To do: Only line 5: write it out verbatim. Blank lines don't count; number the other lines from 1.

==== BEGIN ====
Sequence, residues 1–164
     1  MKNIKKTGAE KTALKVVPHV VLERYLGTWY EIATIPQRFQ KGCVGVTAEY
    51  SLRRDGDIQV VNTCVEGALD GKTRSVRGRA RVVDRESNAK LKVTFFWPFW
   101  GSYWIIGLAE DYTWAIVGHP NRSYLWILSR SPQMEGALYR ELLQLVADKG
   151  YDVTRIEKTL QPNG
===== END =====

   151  YDVTRIEKTL QPNG